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Re: 2005 Chevy Cobalt front end in Detroit Free Press, among other things (uncleho)

Quote, originally posted by uncleho »
Where the heck do you find a car of this size and cost that still has a torsion beam rear end?

The 2003 Corolla and Sentra?
Maybe they'll finally put an IRS on the next Cavalier, but I'm not holding my breath. On the bright side, they can't possibly make a worst car than the last Cavy.
 

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Re: 2005 Chevy Cobalt front end in Detroit Free Press, among other things (JettaPat)

Quote, originally posted by JettaPat »

As stated above, it's supposes to be some kind of Cobalt coupe, with intended resemblance of the (somewhat unrelated) Astra. It may be the SS there's been a lot of talk about.

Apparently my reading skills leave something to be desired.
 

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Re: 2005 Chevy Cobalt front end in Detroit Free Press, among other things (courtesi)

Quote, originally posted by courtesi »

I sometimes get the feeling that everyone in the lounge is making 6 figures and they forget what it's like to make ends meet.

I think a lot of people here ignore the fact that "car enthusiasts" make up VERY small percentage of new car buyers. The majority of new car buyers don't care about cornering or 0-60 times. This car was designed for consumers, not enthusiasts so complaining that it's boring or that it has poor handling is pointless.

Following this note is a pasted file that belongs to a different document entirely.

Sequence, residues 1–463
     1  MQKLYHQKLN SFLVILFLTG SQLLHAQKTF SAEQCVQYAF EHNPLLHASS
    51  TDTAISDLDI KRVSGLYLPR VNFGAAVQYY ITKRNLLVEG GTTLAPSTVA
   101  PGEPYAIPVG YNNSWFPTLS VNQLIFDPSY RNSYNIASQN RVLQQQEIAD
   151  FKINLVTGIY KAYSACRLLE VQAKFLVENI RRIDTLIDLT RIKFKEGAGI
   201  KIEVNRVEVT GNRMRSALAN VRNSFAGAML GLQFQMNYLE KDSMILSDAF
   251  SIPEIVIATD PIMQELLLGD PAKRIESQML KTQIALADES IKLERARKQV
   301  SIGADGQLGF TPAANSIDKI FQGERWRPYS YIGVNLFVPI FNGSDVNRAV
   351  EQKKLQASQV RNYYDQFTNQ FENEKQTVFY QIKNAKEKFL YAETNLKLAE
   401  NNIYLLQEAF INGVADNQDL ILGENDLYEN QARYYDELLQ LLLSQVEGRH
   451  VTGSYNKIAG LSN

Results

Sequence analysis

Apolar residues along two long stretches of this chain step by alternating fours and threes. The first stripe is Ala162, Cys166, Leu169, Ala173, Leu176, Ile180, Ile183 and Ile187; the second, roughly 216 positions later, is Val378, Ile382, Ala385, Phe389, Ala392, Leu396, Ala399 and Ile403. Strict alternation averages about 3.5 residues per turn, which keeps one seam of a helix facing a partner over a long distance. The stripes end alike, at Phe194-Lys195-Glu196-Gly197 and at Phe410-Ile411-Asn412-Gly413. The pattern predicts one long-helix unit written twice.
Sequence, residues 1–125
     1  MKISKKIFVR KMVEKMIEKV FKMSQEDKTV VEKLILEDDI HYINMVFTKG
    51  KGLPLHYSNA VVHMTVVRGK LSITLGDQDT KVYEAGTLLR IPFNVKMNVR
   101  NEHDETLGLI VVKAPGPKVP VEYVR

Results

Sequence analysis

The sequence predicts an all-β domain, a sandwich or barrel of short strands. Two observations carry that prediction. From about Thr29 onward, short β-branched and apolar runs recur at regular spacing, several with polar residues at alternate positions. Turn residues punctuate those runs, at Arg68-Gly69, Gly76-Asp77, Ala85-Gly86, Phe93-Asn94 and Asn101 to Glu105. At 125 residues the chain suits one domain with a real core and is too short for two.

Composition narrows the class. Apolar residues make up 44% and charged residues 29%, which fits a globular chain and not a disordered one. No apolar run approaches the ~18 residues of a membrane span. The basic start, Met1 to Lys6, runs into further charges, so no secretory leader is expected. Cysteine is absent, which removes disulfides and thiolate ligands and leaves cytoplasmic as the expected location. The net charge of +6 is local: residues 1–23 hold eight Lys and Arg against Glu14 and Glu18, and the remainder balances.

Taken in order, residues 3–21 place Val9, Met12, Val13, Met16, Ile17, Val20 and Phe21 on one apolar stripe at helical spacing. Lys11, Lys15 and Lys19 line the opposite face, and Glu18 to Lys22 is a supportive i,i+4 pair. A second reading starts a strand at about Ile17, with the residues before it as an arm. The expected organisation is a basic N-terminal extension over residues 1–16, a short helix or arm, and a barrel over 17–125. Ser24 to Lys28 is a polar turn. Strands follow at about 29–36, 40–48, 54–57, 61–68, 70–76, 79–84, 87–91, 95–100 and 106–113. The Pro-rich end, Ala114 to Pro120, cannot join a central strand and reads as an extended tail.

Ever count the number of Cavaliers you see on the road on a daily basis? GM didn't sell that many because they're outstanding cars. A low price, rebates and incentives made it a very affordable car. Unlike most of us here, most car buyers make their decision based on PRICE not performance or style.
 
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Re: 2005 Chevy Cobalt front end in Detroit Free Press, among other things (MEIN_VW)

300,000 Cobalts a year? Not bloody likely. No matter how good the car might be, those numbers are completely unrealistic for the marketplace. Even the top sellers in the class right now only barely come close to that target. And with several new, good entries coming to market all at once (Mazda 3, Kia Spectra, VW Golf, Nissan Sentra, etc.), it's only going to divide the pie further.
My fear is GM will start saturating the car with rebates to make a sales goal that was completely unrealistic to begin with.
 

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Discussion Starter · #17 ·
Re: 2005 Chevy Cobalt front end in Detroit Free Press, among other things (MEIN_VW)

Quote, originally posted by MEIN_VW »

I think a lot of people here ignore the fact that "car enthusiasts" make up VERY small percentage of new car buyers. The majority of new car buyers don't care about cornering or 0-60 times. This car was designed for consumers, not enthusiasts so complaining that it's boring or that it has poor handling is pointless.